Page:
When I've read round the subject it always strikes me that a lot of what they say makes an awful lot of sense. It's just that they write it in pointlessly overly-articulated language when the actual ideas are just common-sense when applied to political activity/thought unless you're a bit of a knob.

Nick Durie
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Jan 15 2006 17:55
Quote:
Nick, did you know I was a fan?

Love

LR

Of course I did - we have spoken about my special anarcho-insurrectionist pyschic powers before haven't we? black bloc red n black star black bloc

lem
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Jan 15 2006 21:42
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Also, if power is also creative, then why should we challenge it

May does raise problems with why we should challenge power if poststructuralism is correct, though they are more based around the ubiquity of power (that ethical statements and comments on society are products of power relations, and that resistance is another power relation - so ammounts to just a redistribution of power) rather than it being sometimes positive (I would imagine that a more nuanced view of differentitiating between life affrming and bad practices would deal with the problem I raised). The two principles it raises that we ought to challenge oppression are: 1. Representing others should be avoided. 2. Alternative practices all things being equal should be allowed to flourish.

lem wrote:
I did wonder though what it menat to the concept of class struggle and solidarity

The book I read did not make it clear what to make of working for unity and class struggle (considering the network of power relations and necesity of tactical processes) which from reading around this site sets alot of other practices as subordinate to itself.

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Lazy Riser
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Jan 15 2006 22:52

Hi

Quote:
The book I read did not make it clear

Lem, I hate to have to tell you this, but the book is bullshit. It’s unclear because it’s unclear. If the author doesn’t make it clear, find one that does. You’re never going know what May really meant unless you ask him yourself, and I doubt he’ll give you a straight answer.

Love

LR

ftony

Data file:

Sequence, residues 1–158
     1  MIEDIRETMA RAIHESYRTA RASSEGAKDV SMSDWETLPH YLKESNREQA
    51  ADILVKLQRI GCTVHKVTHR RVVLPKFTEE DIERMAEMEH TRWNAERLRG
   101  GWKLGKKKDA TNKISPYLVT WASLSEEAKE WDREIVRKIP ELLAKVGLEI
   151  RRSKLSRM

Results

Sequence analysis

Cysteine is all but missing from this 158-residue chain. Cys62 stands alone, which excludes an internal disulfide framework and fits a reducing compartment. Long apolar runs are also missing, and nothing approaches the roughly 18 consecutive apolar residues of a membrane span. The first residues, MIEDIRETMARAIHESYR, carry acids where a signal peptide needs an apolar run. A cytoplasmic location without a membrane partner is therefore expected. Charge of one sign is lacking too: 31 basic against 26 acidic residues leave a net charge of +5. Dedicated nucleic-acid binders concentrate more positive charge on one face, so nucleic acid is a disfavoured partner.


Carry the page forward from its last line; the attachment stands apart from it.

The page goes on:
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Jan 16 2006 10:39

i've not read much (well, er, any) poststructuralist anarchism but have read loads and loads of poststructuralist geography, and i think it's pretty cool.

because anarchism is lagging behind other stuff i wouldn't write it off because it'll just take time for the subject to be mucked around with, until there's a sufficient body of knowledge and conceptual ideas for the thing to seem anything but very messy.

The main thing i'd say we can get from poststructuralism is that absolute timeless truth doesn't exist. We can't know anything unless that knowledge is 'situated'. I think that's a huge argument in favour of local/syndical organising. decentralisation of knowledge means a decentralisation of power, thus allowing some sort of liberatory potential at least.

The problem with traditional anarchism in academia is that modernism in academia has been pretty much blown out of the water- it's like cutting the grass with a scythe.

But i do get the impression that with a poststructuralist understanding of class the idea of class struggle would be tricky: if knowledge (and therefore identity) is situated, class identities are also situated, and thus feed off each other. thus the working class assertion of their class identity via struggle might just strengthen the identity base of the bourgeoisie, as it feeds off that of the proles.

still, if poststructuralism does anything like what it has done for feminism, then it's a damn good thing indeed.

A good book to read is Dom Mitchell's 'Cultural Geographies: a Critical Introduction' it's geography, and he's a post-marxist, but it gives a flavour for the potential of all this stuff. also anything by Ed Soja is good too: he's a 'radical cultural geographer', not really defining himself much, but is poststructuralist and very interesting (although a bit airy-fairy sometimes)